sign = ((i + j)*d > n) ? 0 : 1
       i = i + sign * j 
     end until (i*d  n) 
     return multiplier * i, n - i*d, cnt
  def self.divide(how, numerator, denominator)
    before =
    (result, remainder, iterations) = self.send(how, numerator, denominator)
    after =
    puts "#{sprintf('%8.3f',(after - before)*1000)}ms #{how}" + 
         " (#{sprintf '%10d', iterations} iterations):  #{numerator} / " +
         " #{denominator} = #{result}, mod #{remainder}"
    return [result, remainder]

[:linear, :binary].each do |method|
  ARGV.each do |numerator|
    IntegerDivider.divide(method, numerator.to_i, 3)    

And some results of running it. Of course for large number like 100000000, binary search takes 24 iterations to get the answer, while linear … well 100000000. The total speed difference at such large number is big: 1524ms/0.012ms = 127,000.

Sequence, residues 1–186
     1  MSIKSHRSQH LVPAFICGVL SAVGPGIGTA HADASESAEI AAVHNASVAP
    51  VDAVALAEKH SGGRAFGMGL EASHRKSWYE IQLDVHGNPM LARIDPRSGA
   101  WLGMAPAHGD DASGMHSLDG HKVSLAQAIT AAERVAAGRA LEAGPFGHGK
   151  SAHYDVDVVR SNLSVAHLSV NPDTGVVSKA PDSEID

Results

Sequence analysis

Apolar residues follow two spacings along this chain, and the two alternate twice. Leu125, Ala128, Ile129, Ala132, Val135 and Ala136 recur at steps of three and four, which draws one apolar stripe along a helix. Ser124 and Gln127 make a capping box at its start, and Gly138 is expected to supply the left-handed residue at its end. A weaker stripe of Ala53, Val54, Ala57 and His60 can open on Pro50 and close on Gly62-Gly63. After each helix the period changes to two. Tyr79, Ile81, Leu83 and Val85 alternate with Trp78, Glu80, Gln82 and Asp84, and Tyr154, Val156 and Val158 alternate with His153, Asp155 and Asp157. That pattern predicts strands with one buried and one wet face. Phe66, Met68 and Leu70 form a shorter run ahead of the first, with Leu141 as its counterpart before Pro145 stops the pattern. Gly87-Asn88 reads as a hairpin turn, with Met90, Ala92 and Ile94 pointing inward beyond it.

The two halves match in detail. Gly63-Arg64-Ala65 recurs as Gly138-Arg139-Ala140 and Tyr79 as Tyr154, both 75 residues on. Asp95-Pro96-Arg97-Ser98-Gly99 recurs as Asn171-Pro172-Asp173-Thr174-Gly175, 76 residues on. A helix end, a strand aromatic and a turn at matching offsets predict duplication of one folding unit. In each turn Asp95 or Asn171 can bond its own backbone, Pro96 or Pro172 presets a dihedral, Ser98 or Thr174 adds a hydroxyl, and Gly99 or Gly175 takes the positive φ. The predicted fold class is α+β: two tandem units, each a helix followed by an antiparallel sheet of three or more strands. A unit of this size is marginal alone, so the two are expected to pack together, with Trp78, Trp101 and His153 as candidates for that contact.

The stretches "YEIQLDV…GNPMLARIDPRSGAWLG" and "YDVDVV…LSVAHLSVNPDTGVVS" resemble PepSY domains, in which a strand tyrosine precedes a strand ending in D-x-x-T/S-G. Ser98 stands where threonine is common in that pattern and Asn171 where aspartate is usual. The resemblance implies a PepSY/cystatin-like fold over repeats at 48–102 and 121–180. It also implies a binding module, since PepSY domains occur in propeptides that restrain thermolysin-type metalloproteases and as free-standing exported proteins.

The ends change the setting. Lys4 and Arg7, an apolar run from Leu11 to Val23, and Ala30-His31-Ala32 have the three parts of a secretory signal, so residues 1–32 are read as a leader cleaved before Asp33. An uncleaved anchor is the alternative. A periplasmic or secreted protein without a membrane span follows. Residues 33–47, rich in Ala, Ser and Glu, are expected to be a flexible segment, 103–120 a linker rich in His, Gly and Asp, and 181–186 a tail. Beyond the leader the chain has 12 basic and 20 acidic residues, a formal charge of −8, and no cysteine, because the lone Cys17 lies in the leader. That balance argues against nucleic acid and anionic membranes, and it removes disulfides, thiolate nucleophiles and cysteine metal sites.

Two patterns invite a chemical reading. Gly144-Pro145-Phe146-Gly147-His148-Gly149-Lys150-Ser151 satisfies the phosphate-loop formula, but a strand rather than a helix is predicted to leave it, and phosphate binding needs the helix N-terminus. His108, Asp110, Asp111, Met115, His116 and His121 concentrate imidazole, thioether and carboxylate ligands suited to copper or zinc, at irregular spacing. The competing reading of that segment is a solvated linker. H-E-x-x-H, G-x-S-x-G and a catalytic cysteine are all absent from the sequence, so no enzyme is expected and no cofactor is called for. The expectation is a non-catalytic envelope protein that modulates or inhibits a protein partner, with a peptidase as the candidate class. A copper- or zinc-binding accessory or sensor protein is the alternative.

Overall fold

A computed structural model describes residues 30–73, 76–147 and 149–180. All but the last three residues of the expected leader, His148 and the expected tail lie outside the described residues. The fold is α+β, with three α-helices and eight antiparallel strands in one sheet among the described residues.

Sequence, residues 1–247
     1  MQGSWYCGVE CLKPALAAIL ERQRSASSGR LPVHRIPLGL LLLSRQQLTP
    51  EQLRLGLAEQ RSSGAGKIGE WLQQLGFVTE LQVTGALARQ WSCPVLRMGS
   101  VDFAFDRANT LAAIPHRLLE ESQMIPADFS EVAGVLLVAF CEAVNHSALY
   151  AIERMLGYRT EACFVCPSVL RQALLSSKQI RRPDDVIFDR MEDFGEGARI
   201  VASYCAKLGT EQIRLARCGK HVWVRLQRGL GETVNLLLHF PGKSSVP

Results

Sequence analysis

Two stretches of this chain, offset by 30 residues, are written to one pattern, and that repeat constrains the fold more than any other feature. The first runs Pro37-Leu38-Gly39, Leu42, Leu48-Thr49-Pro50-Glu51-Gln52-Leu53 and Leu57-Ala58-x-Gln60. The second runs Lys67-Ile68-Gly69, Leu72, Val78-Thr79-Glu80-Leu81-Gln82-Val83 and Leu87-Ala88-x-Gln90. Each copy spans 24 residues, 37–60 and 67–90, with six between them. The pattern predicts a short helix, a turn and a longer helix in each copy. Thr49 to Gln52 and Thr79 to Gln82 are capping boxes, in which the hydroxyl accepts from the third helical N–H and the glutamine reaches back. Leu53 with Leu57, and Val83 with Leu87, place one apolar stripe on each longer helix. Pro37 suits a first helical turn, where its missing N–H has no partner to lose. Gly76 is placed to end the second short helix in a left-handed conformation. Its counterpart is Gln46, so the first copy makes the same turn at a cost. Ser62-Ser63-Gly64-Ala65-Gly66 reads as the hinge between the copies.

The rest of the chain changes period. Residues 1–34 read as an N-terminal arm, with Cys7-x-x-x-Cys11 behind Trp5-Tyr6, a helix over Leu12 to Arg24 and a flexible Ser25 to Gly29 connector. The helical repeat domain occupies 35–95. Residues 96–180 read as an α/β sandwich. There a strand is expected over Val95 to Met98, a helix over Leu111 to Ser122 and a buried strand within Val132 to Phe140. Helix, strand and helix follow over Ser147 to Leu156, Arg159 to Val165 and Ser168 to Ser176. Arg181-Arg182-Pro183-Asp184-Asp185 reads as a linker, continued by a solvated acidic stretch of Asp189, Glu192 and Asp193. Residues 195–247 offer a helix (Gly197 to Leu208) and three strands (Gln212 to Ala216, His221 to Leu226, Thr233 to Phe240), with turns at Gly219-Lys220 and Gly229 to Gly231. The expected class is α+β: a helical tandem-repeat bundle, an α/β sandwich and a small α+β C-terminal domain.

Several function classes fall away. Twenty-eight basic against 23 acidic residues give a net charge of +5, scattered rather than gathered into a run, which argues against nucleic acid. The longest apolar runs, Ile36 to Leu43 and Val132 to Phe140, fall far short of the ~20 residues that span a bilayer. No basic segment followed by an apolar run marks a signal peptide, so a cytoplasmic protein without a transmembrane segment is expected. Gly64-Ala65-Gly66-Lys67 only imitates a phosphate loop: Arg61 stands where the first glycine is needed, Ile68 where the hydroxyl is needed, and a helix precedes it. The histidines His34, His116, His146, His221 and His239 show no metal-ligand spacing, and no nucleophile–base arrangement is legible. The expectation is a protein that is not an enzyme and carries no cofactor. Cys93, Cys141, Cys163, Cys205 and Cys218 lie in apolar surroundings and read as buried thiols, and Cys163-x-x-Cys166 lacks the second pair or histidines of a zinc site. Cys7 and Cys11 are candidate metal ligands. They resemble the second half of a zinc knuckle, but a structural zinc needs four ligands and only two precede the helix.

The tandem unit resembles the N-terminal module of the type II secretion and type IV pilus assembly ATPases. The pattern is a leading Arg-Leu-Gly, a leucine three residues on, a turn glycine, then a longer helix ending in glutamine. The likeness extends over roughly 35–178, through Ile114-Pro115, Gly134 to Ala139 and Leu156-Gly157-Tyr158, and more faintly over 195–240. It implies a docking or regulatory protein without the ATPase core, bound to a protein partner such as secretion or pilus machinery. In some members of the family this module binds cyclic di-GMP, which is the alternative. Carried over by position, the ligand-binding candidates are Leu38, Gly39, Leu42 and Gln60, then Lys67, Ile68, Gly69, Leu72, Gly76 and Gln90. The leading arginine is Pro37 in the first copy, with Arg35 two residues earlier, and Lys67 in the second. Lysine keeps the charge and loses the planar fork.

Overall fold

> ruby divide.rb 10 100 1000 20000 100000000
   0.006ms linear (         3 iterations):  10 /  3 = 3, mod 1
   0.003ms binary (         1 iterations):  10 /  3 = 3, mod 1
   0.003ms linear (        33 iterations):  100 /  3 = 33, mod 1
   0.003ms binary (         5 iterations):  100 /  3 = 33, mod 1
   0.017ms linear (       333 iterations):  1000 /  3 = 333, mod 1
   0.004ms binary (         8 iterations):  1000 /  3 = 333, mod 1
   0.411ms linear (      6666 iterations):  20000 /  3 = 6666, mod 2
   0.006ms binary (        11 iterations):  20000 /  3 = 6666, mod 2
1524.712ms linear (  33333333 iterations):  100000000 /  3 = 33333333, mod 1